“Dad, we shot your pickup,” I said feebly. I contemplated a joke about my infamy as a poor shooter, but thought better of telling him we shot it from the only place we could hit it: from inside the cab.
My folks, concerned primarily with our safety, didn’t express anger. As a bonus, I learned how to perform rudimentary body work and also how to paint the patched metal on the truck. And nobody except the beloved Ford was ever in serious danger.
That same autumn during my seventeenth year found me with three friends late one night on a railroad trestle towering over Lawyer’s Canyon. My male counterpart told me the new kids in town showed their mettle with a touch of the nose on the white, wooden post marking the dividing line between two counties, Lewis County and Idaho County. The post teetered beyond a curve in the center of the trestle. It was tenuously held in place between two, six-foot pieces of flatiron separated by four inches of air.
Assuming my new friend Michael wouldn’t lie — one of many times I’ve made that error — I balanced on the two pieces of flatiron, walked the six creaky feet to the post, and touched my nose on a thin layer of peeling white paint. Too afraid to spin around, I walked backwards to safety. I was greeted by Michael’s face, drained of blood, and his shaky voice questioning my sanity.
I’m surprised any of us survive our teen years. At least in my case, based on my chronically poor judgment, survival was unwarranted.
I’ve already described in this space my close call with death involving the knife and the nun. It’s my favorite among the few serious accidents that nearly terminated my time on Earth. Little did I know it was merely a warmup act for a life on the edge.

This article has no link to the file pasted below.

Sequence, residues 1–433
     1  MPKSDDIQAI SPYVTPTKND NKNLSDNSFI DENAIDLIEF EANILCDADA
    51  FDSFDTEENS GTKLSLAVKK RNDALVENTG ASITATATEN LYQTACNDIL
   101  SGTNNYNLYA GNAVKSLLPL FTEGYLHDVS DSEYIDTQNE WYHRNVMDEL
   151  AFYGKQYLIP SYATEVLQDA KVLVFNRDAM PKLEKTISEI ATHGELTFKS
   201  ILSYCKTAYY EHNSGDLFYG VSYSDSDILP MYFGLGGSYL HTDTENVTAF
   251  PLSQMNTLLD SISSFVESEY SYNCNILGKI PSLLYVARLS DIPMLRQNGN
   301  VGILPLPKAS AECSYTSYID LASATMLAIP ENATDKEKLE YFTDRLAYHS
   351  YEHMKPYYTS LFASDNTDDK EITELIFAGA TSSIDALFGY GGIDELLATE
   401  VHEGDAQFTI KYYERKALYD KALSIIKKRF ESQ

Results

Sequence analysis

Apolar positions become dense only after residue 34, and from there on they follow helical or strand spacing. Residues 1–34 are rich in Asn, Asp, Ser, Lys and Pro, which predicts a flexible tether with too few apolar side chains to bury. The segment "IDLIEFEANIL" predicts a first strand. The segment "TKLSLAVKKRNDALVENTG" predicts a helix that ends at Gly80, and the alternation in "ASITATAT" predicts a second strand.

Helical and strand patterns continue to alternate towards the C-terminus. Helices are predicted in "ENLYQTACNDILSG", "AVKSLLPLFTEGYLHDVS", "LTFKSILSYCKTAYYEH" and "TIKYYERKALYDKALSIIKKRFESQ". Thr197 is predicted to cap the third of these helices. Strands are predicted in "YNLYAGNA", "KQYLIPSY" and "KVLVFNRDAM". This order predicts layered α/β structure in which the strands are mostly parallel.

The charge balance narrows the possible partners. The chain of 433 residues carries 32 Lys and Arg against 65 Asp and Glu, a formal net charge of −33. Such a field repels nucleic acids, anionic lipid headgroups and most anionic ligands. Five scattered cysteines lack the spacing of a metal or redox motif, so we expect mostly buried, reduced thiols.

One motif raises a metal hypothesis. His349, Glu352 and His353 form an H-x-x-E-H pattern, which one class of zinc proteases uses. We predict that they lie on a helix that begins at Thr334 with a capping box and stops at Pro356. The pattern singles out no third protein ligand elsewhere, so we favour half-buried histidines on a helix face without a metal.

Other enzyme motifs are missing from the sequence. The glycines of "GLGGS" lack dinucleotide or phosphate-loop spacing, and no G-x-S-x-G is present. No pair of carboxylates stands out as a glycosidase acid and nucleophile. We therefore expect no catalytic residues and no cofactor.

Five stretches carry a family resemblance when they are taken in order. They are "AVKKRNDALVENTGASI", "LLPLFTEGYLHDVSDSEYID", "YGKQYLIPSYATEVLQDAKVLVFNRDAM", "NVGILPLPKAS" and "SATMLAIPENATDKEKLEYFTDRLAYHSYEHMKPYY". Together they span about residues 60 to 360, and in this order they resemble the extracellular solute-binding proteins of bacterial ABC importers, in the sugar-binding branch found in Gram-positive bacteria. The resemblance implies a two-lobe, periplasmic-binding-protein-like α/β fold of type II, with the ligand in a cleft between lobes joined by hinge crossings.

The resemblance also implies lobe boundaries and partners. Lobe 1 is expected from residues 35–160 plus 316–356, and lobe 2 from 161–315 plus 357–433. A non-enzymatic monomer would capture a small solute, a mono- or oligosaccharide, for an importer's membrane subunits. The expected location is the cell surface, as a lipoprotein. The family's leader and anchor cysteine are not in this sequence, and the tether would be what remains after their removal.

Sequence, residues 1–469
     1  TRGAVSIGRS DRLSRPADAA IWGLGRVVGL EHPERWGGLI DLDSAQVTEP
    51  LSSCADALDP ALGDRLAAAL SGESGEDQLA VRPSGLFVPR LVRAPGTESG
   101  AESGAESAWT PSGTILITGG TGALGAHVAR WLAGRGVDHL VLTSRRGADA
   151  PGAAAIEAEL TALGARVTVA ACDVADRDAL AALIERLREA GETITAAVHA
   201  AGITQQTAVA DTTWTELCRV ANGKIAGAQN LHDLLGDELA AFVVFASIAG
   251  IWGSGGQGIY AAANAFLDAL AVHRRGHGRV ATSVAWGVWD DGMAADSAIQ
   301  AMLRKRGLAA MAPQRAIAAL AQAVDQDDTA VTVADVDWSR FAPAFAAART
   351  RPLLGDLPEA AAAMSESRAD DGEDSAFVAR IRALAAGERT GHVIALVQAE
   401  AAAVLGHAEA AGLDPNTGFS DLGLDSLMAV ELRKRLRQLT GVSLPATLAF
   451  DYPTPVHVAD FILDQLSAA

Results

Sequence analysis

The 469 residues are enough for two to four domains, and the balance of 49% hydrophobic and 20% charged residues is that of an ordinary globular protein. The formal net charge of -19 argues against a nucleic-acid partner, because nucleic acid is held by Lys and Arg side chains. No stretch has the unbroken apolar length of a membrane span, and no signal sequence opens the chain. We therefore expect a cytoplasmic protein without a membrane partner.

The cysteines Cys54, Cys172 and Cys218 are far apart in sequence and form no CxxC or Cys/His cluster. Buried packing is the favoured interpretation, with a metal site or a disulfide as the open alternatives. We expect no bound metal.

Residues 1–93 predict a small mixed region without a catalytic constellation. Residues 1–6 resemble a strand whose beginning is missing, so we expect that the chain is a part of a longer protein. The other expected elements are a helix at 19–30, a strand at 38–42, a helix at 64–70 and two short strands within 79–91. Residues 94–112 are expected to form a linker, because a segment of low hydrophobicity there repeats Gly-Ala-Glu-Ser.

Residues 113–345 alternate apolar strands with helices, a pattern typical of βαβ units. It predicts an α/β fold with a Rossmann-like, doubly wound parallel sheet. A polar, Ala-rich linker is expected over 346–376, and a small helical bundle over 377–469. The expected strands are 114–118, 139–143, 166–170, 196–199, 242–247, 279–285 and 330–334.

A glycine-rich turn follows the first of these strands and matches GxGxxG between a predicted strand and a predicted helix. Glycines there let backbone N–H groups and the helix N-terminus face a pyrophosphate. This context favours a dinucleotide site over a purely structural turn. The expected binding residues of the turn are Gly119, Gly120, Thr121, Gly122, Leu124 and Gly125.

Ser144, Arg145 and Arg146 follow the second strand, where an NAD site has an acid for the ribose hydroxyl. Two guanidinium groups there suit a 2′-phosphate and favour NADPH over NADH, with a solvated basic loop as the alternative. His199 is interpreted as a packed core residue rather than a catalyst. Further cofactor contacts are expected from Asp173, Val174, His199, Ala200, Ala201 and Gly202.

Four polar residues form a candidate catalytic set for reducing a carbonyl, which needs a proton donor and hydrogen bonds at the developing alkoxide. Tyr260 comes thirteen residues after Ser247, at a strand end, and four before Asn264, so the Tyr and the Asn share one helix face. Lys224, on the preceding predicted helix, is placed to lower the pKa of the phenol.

Whitewater rafting became a part-time passion during the five summers I served on a wildland firefighting crew. I donated little blood and no broken bones to the Clearwater River during dozens of heart-pounding excursions.
The wildfire protection area for the Craig Mountain helitack crew covered a million acres and included the Salmon and Snake Rivers, two of the deepest, steepest canyons on Earth. The camaraderie of the helitack crew was enhanced by the risk-taking Vietnam-vet helicopter pilot. He let us choose the music as we flew to the fire. And he’d occasionally, illegally allow us to jump downhill from the ship as he hovered with the uphill skid on the sloping terrain of a steep canyon. He didn’t want us to waste energy walking a mile from the nearest safe landing spot.
A few years later, in graduate school, I was responsible for lighting prescribed fires up to 20,000 acres in size. Helicopters came into play again. As with my days as a 19-year-old, I was responsible for large numbers of humans and expensive equipment. Five seasons fighting fires led to five seasons lighting fires. As a fireman willing to take risks, I once sprinted through a sheet of flames forty feet high, my face tucked into my inner left bicep and forearm. The error in judgment easily could have been fatal.
Skydiving came in my later years, after I was occupying an intellectually “safe” position as tenured professor. A friend wanted companionship when she jumped from a perfectly sound fixed-wing aircraft. It seemed like a fine idea at the time. It still does, although I’ve not repeated the experience for nearly 15 years.
I’ve long been fearlessly challenging the intellectual and cultural envelopes into which I was born. I’m still attempting to break out of the cell into which I was inculcated. I suspect mine is a terminal, irreversible condition.
Pursuing power clearly pays better than adherence to principle. The latter often proves fatal for careers and lives. Adhering to principle produces only one certain reward, the only meritorious validation: the ability to look in the mirror without embarrassment. It’s been worth the price, so far.
Life is short. Fear and hope are nonsensical, four-letter words. Let go or be dragged.